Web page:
mahogany stain on this engineered red oak floor
Photo: Kelly & Kelly
Mahogany stain on this engineered red oak floor from Harris Wood warms up the kitchen of a Winchester, Mass., home remodeled by TOH TV.
WHY ENGINEERED FLOORING?

Take a close look at the wood floor in the photo on the right. A keen eye might conclude that this rich expanse is made up of solid strips of red oak, one of the most popular American hardwoods. That eye would be wrong, mostly. Sure, it's oak on top, but that's just a wood veneer skin. Underneath are more thin wood layers, all glued together to make a plywood sandwich called engineered flooring.

Since their invention in the 1960s, engineered wood floors have improved in appearance and performance, accounting for 30 percent of all the wood flooring sold in America today. Available in dozens of wood species, and with new surface effects, such as hand scraped, for a timeworn patina, these high-tech boards now look just right in any vintage house, whether it's a 1910 foursquare or a '70s raised ranch.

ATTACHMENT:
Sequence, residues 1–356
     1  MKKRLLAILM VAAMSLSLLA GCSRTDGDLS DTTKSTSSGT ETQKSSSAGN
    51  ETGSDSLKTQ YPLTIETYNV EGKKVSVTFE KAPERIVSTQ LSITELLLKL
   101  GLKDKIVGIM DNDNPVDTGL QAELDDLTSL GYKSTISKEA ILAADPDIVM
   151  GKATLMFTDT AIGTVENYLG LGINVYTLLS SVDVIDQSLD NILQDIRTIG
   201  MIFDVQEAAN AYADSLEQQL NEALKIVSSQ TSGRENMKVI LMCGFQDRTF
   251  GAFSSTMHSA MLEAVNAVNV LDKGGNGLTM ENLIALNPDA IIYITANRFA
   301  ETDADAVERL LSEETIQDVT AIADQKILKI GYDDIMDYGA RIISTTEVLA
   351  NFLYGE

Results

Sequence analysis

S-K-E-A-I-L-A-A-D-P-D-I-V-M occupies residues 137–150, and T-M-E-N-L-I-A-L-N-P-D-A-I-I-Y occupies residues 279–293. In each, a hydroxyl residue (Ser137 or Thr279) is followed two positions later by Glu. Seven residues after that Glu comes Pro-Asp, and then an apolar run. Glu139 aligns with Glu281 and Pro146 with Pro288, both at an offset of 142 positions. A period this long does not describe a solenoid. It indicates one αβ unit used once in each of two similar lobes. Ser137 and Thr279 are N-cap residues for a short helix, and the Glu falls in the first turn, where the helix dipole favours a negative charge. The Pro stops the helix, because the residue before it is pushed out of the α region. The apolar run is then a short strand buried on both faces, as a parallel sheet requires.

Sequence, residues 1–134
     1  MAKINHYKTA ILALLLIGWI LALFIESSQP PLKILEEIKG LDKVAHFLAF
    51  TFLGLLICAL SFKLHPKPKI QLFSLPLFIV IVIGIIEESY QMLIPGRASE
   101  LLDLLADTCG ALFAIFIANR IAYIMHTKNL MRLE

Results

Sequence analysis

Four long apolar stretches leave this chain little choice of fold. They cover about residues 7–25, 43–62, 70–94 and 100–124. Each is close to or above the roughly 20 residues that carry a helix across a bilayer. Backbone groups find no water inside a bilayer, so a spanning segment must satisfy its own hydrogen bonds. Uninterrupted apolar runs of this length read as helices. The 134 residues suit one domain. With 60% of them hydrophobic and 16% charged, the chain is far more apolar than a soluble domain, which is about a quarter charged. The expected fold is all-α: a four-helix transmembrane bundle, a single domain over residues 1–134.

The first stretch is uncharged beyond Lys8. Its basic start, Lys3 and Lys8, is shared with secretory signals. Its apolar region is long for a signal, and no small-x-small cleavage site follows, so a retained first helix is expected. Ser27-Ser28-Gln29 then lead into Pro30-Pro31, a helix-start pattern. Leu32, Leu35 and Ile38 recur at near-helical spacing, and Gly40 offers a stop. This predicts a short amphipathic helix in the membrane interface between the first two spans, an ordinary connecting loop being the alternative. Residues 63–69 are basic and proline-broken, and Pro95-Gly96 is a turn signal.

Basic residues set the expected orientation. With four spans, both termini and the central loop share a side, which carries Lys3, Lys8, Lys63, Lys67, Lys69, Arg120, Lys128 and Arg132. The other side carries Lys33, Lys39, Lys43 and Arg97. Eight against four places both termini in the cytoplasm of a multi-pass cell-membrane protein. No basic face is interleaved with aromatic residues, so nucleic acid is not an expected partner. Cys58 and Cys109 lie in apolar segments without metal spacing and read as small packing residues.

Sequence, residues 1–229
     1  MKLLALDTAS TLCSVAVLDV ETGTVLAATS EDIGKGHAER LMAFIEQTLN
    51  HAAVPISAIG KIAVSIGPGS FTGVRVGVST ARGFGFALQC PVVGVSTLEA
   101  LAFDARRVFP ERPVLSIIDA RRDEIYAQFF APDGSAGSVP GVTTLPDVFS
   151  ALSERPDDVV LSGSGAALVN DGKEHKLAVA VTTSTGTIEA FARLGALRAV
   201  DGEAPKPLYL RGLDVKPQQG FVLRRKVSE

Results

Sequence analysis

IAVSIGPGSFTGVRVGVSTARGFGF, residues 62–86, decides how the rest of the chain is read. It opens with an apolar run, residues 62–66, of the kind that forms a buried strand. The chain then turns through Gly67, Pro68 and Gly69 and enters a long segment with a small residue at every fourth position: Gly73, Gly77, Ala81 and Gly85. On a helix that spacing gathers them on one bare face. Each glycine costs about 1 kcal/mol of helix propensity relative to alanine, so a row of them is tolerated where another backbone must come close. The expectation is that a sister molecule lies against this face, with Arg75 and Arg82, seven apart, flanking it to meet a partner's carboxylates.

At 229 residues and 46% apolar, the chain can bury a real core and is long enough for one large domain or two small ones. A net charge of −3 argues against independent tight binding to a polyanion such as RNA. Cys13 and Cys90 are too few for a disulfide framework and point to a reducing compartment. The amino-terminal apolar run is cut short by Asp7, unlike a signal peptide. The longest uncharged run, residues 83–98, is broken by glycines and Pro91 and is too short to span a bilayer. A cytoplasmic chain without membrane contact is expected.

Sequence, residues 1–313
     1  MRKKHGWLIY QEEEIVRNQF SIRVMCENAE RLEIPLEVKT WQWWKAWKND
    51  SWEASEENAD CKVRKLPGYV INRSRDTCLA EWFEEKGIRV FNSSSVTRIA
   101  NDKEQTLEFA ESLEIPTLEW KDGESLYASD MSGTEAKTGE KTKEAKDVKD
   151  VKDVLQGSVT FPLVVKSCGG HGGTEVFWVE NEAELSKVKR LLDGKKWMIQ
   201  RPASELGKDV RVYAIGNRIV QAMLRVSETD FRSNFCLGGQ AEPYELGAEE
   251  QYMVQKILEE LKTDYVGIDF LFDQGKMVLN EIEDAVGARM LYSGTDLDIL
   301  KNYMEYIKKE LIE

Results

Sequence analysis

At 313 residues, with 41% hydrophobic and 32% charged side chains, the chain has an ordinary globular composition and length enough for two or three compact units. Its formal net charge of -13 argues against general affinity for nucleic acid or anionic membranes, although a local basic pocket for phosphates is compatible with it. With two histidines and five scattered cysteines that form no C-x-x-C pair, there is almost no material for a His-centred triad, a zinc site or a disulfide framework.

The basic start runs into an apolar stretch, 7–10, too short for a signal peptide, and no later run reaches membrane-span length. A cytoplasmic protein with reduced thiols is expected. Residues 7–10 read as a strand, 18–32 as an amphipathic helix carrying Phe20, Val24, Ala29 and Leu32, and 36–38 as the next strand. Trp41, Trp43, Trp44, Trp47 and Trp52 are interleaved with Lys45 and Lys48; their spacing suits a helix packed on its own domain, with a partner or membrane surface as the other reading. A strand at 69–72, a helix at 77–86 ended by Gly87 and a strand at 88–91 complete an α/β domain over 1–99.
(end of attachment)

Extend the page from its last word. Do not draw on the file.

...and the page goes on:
Most boards come with a factory finish that'll outlast one applied in your home on solid wood, and they'll be ready for footsteps the day you put them down. Engineered boards are also problem-solvers, allowing you to use them where solid strips often can't go, like in basements or directly over concrete slabs. Even better, budget-minded homeowners can lay the boards themselves, saving a bundle on pro installation and getting great-looking results in a weekend.

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